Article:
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The Value of Genetic and Genomic Technologies: Workshop Summary interventions that have brought no cost savings at all. There is a disconnect between what the medical professional community does and what the insurance industry does. In the early 1950s for example, penicillin, the polio vaccine, and sterile surgical techniques were introduced; there were measurable changes in morbidity and mortality patterns; and still the cost of the industry went up. It is the government’s responsibility to take what looks credible and move with it. As a public health official, Lyman said, there is a point in the academic exercise when one has sufficient evidence to be able to reach a decision. But no one knows exactly where that point is. It takes meetings such as IOM workshops, published literature, and expert groups to help determine when enough is enough and when a disease control application can be moved along in order to induce measurable improvements in quality of life. OPEN DISCUSSION Privacy, Informed Consent, and Information Sharing Privacy-related issues received a great deal of attention during the open discussion. Williams pointed out that while the Genetic Information Nondiscrimination Act of 2008 (GINA) prohibits discrimination based on genetic information, it does not prevent discrimination based on manifest disease; that is, predispositional testing and the information obtained thereof are protected, but people who already express a disease are not protected under GINA for the purposes of insurance and employment. Spiegel added that a patient’s insurance company knows if that patient has colon cancer because the insurance company is paying the medical bills, and the patient’s employer may also know because, for instance, the patient needed time off from work for surgery. But the employer may not know that the patient has Lynch syndrome, which puts the patient at a higher risk of developing other cancers such as endometrial or ovarian cancer. Boguski pointed out that companies like Microsoft and Google Health are not governed by HIPAA. When someone types “Lynch syndrome” into the Google search engine, both Google and the Internet service provider know where that search came from. Boguski mentioned an anecdote about Google being able to predict H1N1 flu trends ahead of the CDC, just by tracking people’s search patterns. It is naïve, he said, to think that in such a world privacy can still be regulated in the traditional way. Lyman mentioned California’s cancer registry, one of the largest in the world. That database is primarily for research purposes, and patients are identified for studies or interventions based on the information in the cancer registry. There are strict protocols which have addressed most of the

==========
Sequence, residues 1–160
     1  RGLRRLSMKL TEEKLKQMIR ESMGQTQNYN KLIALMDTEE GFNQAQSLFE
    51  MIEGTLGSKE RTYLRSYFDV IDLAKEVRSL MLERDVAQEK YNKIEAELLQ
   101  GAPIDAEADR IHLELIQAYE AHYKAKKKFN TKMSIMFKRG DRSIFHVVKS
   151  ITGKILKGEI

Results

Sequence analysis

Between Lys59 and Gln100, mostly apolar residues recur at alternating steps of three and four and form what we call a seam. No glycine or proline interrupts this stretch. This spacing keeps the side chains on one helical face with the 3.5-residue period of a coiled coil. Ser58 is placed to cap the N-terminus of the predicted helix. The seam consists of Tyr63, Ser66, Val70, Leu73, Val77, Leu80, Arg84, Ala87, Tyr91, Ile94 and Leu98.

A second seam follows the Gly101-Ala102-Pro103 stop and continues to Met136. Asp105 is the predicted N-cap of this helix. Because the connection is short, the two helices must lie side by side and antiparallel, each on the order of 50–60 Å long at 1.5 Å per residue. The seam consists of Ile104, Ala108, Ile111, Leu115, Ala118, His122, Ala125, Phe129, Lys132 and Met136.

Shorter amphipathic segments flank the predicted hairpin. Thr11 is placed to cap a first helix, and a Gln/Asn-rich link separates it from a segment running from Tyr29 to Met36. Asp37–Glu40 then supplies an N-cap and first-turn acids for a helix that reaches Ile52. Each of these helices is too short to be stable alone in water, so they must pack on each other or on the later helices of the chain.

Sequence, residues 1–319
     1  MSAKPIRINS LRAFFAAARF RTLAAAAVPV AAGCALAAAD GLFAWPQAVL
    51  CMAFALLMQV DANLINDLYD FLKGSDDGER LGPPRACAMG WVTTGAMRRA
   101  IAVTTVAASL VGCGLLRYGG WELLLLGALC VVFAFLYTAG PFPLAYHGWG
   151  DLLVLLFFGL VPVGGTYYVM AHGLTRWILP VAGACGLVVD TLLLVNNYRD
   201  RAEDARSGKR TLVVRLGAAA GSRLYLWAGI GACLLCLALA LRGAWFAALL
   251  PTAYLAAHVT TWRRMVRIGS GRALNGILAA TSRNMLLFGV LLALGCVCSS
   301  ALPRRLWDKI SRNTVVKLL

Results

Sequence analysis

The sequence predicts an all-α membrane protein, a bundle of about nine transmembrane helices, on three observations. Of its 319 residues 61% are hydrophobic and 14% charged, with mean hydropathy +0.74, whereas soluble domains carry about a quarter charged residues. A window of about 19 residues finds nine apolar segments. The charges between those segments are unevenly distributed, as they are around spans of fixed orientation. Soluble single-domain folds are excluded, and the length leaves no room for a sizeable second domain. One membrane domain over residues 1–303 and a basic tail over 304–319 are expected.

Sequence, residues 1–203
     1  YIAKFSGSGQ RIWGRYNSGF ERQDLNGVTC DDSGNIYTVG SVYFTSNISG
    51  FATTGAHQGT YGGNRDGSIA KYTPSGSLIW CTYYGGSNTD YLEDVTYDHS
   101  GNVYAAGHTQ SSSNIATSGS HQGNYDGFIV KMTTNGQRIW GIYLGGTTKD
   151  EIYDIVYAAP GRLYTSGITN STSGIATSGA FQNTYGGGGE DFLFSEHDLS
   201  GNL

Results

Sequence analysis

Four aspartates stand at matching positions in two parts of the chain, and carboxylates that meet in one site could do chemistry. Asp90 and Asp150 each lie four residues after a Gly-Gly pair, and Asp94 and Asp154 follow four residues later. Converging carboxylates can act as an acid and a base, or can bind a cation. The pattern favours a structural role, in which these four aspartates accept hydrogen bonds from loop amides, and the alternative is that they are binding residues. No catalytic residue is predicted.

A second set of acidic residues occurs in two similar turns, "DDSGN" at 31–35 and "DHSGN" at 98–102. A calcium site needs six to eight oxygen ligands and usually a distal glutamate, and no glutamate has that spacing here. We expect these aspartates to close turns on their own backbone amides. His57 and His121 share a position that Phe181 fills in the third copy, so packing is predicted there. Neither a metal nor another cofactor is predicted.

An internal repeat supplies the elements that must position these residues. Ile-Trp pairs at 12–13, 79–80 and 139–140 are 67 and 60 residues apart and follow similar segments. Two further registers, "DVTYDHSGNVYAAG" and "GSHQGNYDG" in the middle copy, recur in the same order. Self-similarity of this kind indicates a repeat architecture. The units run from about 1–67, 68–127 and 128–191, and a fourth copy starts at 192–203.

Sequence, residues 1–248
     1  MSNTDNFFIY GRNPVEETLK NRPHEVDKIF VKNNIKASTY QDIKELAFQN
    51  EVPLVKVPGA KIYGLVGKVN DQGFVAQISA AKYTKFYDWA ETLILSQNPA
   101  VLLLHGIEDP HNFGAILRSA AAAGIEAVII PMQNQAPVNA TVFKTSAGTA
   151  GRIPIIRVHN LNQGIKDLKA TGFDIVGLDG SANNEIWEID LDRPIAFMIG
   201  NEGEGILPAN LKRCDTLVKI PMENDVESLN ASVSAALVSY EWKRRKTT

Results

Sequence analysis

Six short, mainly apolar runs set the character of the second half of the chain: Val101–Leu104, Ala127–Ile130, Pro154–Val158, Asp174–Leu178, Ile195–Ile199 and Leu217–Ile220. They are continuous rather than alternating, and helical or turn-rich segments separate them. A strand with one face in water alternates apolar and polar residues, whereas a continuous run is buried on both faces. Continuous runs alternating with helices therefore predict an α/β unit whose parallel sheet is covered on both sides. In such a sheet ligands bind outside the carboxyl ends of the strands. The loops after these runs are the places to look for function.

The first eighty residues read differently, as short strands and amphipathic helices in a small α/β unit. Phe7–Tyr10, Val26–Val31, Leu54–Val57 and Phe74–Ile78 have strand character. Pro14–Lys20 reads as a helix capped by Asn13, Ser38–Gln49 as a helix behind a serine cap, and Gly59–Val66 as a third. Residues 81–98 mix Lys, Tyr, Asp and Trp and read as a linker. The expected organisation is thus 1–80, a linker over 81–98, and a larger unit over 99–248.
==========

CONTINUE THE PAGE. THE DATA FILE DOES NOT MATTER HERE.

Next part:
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The Value of Genetic and Genomic Technologies: Workshop Summary privacy issues, but some still have concerns. The Veterans Administration, for example, has reluctantly agreed to report its cancer cases to the state cancer registries in California and elsewhere, but it will not allow names to be entered, which results in a large proportion of reported cancer cases that have been effectively removed from potential study. Application of Genomic Testing Data Gathering for Decision Making A participant asked Williams for more information about the sources of the data and the resources used for Intermountain’s modeling of various Lynch syndrome testing scenarios. Williams responded that the data were primarily from published studies but that Intermountain also contacted authors and asked if there were any additional data (i.e., “gray literature”). One university group had accrued a large set of IHC, MSI, and mutation testing data that they were in the process of preparing for publication and that they were willing to share with Intermountain Healthcare under an agreement. However, even this type of arrangement raises the larger issue of where to find resources to support the generation and analysis of this evidence. In this case, the IHC, MSI, and gene testing were done by a university under grant funding, and Intermountain Healthcare used available resources to support staff time to analyze the data and populate the models. However, many times those discretionary funds are not available. An important question, Boguski said, is who is going to pay for the development and analysis of testing in the future. Would a genetic test be a commercially viable diagnostic developed by a biotechnology or diagnostics company? Would there be enough evidence for such a test—and enough of a market for it—that it would be developed and reimbursable? Beyond the basic research funding environment, how will these tests be developed? There is a provision in the Food and Drug Administration Amendment Acts (FDAAA) of 2007 that is designed to trigger the collection of data from Medicare, Medicaid, and a number of private payers and ultimately to lead to the accrual of data about drug use in 145 million people in the United States, Williams said. If that effort is successful, it will provide numerous opportunities for analysis. Perhaps a similar approach could be applied to data collection for the results of genomic testing and screening programs, Williams said. Another approach to data collection is the “coverage with evidence development” method that the Centers for Medicare and Medicaid Services (CMS) has put forward. As an insurer, Gandolfi said he must consider whether to pay for research and for the statistical analysis of that research from an unbiased source. The Blue Cross and Blue Shield Association established a